I’ve got a lot of e-mails asking for book recommendations over the years. I’ve talked about doing a post, but never have. So I figured now was as good a time as any to write it (as you’re all probably looking for something to buy for yourself for Christmas). There’s a ton of animation books out there. Most are inspirational, some are informative, but some are just plain old essential. These are the books I’m listing here today, the essential ones.
I’m gonna be direct and say that, in my opinion, these are the best books an animator can have on his/her book shelf. If I had to whittle my shelves down to ten books, this is what I’d have left. They are the best because they are authored by masters. You will constantly refer back to them throughout your career, and always learn more from them. They will teach you almost everything you need to know as a modern animation artist from drawing to composing your shots to actually animating them with appeal. If you don’t have something on this list, I highly recommend you treat yourself. Here they are in no particular order:
The Illusion of Life
The Animator’s Survival Kit
Drawn to Life (Volume 1 & Volume 2)
Character Animation Crash Course
The Five Cs of Cinematography
Painting with Light
Animation From Script to Screen
In the Blink of an Eye
Note: I would include The Famous Artist Course in Commercial Illustration (1960), but it is actually three binders, and much harder to find. You can occasionally find copies of this on eBay.
Add Setting the Scene: The Art & Evolution of Animation Layout to your Christmas lists. It’s a gem!
Another gorgeous addition to the series has just been released. I personally would have preferred to see a full volume dedicated to both Layout and Background, but this is still a must have. It’s nice to see that more books on Layout are arriving in the near future.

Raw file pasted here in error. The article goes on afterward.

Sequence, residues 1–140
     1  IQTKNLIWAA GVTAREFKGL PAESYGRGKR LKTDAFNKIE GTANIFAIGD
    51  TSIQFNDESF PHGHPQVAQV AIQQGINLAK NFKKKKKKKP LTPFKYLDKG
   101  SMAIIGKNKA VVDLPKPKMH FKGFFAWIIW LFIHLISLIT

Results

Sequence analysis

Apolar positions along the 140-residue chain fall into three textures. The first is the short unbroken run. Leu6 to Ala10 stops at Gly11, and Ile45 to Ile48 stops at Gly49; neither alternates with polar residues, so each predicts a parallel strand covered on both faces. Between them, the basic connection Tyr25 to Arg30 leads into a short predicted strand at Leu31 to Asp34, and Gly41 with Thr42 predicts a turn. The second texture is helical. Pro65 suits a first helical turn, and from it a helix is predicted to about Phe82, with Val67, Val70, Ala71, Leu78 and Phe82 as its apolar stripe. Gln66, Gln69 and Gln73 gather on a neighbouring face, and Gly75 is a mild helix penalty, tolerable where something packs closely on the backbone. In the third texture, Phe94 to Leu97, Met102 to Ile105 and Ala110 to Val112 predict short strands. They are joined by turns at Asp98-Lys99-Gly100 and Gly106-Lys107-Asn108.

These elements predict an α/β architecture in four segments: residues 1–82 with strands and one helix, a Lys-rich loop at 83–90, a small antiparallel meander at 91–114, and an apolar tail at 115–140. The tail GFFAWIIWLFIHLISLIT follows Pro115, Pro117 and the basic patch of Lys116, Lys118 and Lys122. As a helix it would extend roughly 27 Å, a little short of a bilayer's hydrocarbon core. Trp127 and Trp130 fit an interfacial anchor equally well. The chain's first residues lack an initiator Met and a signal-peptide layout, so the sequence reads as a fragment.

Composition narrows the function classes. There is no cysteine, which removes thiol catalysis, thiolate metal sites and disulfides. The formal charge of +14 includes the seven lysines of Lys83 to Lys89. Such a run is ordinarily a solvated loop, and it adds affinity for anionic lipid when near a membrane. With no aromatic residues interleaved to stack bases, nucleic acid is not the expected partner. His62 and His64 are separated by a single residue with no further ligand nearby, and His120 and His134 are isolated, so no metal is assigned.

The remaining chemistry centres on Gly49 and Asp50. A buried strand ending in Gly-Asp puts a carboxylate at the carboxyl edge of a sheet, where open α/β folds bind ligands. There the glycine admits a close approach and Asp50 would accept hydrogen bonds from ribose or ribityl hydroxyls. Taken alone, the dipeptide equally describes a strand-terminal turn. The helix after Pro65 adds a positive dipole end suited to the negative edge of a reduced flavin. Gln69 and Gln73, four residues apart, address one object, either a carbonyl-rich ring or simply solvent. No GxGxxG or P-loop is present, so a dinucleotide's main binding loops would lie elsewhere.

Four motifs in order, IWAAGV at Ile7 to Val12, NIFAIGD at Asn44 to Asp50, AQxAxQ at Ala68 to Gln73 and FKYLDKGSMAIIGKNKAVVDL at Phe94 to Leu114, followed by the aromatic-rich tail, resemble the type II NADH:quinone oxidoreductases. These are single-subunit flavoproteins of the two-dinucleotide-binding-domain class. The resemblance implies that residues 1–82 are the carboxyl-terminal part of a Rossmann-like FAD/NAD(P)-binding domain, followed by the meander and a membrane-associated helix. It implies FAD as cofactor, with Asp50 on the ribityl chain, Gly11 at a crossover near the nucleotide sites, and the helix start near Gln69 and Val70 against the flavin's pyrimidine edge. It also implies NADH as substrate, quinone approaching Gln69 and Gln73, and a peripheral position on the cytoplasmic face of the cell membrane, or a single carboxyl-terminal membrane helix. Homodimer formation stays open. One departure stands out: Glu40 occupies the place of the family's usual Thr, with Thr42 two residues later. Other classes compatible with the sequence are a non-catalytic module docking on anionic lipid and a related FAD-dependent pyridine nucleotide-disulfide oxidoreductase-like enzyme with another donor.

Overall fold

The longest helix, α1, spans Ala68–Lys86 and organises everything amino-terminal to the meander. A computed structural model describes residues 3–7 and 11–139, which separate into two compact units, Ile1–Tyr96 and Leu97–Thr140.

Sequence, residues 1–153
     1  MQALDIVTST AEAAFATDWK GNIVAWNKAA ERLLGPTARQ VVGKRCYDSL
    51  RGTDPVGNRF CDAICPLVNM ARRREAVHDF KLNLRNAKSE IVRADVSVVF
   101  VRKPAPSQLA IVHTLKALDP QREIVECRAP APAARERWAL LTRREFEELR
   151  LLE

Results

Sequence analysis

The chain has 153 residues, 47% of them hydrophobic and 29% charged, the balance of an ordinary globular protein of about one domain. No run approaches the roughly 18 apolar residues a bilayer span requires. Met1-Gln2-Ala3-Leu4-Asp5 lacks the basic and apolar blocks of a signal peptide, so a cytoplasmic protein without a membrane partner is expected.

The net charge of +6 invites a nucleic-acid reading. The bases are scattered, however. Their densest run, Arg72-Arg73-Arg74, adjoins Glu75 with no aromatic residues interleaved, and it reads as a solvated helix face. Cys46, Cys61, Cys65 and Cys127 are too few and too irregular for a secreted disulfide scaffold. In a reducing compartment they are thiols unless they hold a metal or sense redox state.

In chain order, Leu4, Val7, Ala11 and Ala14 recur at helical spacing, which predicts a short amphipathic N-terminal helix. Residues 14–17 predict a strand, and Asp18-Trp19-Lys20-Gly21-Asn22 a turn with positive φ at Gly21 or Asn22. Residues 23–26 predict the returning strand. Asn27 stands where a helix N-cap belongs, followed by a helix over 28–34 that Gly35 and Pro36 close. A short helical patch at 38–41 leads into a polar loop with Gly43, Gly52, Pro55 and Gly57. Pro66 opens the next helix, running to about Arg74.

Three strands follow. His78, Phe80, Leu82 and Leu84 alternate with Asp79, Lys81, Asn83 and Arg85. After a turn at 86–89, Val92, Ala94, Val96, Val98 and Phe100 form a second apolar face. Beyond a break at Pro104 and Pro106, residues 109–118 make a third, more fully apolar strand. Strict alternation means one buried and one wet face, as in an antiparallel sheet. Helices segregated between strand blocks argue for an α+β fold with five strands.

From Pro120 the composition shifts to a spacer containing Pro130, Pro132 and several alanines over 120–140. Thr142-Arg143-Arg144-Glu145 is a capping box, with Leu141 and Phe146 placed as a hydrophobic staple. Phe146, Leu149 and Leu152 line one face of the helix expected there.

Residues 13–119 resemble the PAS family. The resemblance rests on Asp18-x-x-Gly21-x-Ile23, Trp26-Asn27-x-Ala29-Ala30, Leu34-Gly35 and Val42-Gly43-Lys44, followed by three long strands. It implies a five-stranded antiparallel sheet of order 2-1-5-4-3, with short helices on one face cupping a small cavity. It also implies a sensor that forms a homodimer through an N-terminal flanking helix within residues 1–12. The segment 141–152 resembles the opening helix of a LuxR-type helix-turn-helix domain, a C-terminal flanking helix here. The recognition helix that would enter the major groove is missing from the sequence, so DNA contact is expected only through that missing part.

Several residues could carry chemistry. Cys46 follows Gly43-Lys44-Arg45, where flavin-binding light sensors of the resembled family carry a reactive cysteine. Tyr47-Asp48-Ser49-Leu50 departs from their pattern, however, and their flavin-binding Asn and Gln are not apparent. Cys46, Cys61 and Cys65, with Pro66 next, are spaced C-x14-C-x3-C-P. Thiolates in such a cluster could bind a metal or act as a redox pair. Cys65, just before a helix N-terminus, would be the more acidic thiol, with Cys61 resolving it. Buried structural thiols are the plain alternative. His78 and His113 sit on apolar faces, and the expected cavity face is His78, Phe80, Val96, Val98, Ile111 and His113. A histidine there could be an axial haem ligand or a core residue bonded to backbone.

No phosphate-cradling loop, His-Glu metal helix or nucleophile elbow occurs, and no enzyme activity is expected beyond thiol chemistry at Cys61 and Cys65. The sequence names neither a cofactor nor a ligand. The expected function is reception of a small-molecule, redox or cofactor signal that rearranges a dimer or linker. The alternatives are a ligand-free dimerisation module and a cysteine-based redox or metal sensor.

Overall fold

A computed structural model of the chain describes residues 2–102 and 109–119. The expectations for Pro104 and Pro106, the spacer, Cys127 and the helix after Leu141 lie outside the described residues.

Joe Barbera, Gene Kelly, and Bill Hannah.
“…through the years I’ve learned what all Hollywood survivors must learn to remain survivors. You learn that you aren’t working with people, you’re working with egos – and they’re working with yours. Once you learn that, you start taking all the slings and arrows less personally. You understand that they come with the territory. After all, you’re not dealing with store clerks and bank tellers and toll takers, who do their job, and pack up and go home at the end of the day. You’re dealing with an assortment of artists and con men and combinations of them – very powerful people, whose power nevertheless hangs by the thinnest of threads.”
- An excerpt from Joe’s autobiography, “My Life in ‘toons.”
The above quote is directly related to an experience Joe had with Gene’s ego. Check out the book for more.
Dreamworks animator, Alberto Corral, recently sent me a copy of his first children’s book, “My Monster Burrufu.” I can whole-heartedly recommend this title to not just parents, but animation artists who, like me, some day hope to venture down the same path and create their own children’s books. This charming book is illustrated by the uber-talented Alessandra Sorrentino (scroll down for a sneak peak at one of the illustrations). For more info on the book, check out the official website. Click the cover image to check out the book on Amazon.
How to Cheat in Maya is one of my favorite computer animation books, and it’s back this year with a 2012 update. Click the image below to pre-order your copy!
Check out the official website too. It has a bunch of free videos by the always entertaining Kenny Roy (pictured below).
Tod Polson has revealed he’s working on finishing up Maurice Noble’s design book. If this book sees the light of day, it will occupy a spot on my book shelf, which is really small now by comparison to a few years ago.
The fourth installment in the gorgeous Disney Archive Series will be released in October. Pre-order your copy today!